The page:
Take The Last Train to McAdam
As we explored the St. Stephen-St. Andrews-Calais area last week, we took the advice of anyone who offered it. If someone said we should go see something, we went. That included my brother’s suggestion that we head up to McAdam and see the old train station.
Trains are part of my family’s history. My Dad, Mom and brother worked together in a company Dad founded that salvaged decommissioned railroad tracks and trestles and sold off the rail and ties. This followed Dad’s eighteen years with CN. They became heroes for hiring local labour and villains for removing the tracks, which wasn’t their decision of course. At different times, sometimes for years at a time, they lived in other provinces including New Brunswick.
The McAdam station was built in 1900 and used by CP (and later Via Rail) until the mid-1990s. The class system was alive and well. Wealthy guests ate in a formal dining room while labourers used the massive Woolworth-style lunch counter. Derek and I were fortunate to meet a tour guide in training who – although it’s not yet tour season – offered to take us through the building to practice her patter.
A massive room is now used for wedding receptions. They’re trying to raise $13-million to renovate the second-floor hotel rooms that are literally falling apart. The third floor housed the “girls” who worked at the station under the iron fist of one Miss Quinn. Want to get married? You’re fired! Meet up with a rail yard worker for a date? You’re fired! Miss Quinn had nothing in her life except her job and she took it very seriously.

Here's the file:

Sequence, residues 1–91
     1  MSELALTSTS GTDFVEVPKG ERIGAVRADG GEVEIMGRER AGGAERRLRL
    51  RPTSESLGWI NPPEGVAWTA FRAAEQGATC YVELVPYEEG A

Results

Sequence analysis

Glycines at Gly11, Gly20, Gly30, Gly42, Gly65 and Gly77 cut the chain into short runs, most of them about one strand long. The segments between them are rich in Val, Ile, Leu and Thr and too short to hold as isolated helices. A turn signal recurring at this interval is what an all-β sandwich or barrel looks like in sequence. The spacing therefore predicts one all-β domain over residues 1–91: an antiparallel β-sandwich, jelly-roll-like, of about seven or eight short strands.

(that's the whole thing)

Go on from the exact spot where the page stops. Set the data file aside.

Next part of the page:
The story goes that one night the girls wanted to attend a local dance. Miss Quinn’s response was to point to mountains of dirty dishes and smirk, “When the dishes are done, you can go”. With their supervisor tucked in for the night, the girls took all of the dirty dishes and tossed them in the river on the other side of the tracks. They pulled out clean replacements, stacked them, and left for the dance. They almost got away with it.
A few days later, a railway man who cooled off in the river came up bleeding with cuts from broken dinnerware. Miss Quinn was not amused. When the board that now oversees the station heard the story, they sent in a diver to confirm it. Busted pieces of plates, cups and bowls now sit in a display cabinet as a testament to the power of adolescent hormones.
The girls were so determined to do what teen girls do, meet boys, that they regularly wriggled out of a narrow duct in their dorm to escape the building at night. They slept eighteen to a room. Eighteen girls and one bathroom. *shudder*
No one knows what happened to Miss Quinn. She never married and she apparently never developed a sense of warmth or humour. Pity.
The station hosts pie sales through the summer. Their claim to fame is that they cut the pies in five slices instead of six. Also, that the women in their nineties who make the pies refuse to part with the recipes so once they’re gone, they’re gone. There are lineups every weekend.
We also saw a 100+-year-old moose.
This moose was hit by a train near the station in 1905. Thanks to a skilled taxidermist, he has retained his youthful glow.
There’s just something about a train station that draws me in. Maybe it’s Dad, maybe it’s family history. It might also be that these buildings tell us so much about how people lived and moved. The 1890 station in St. Stephen is now a wonderful restaurant and craft brewery called Five Kings. These buildings were made to last and appeal to those who value our history, like me.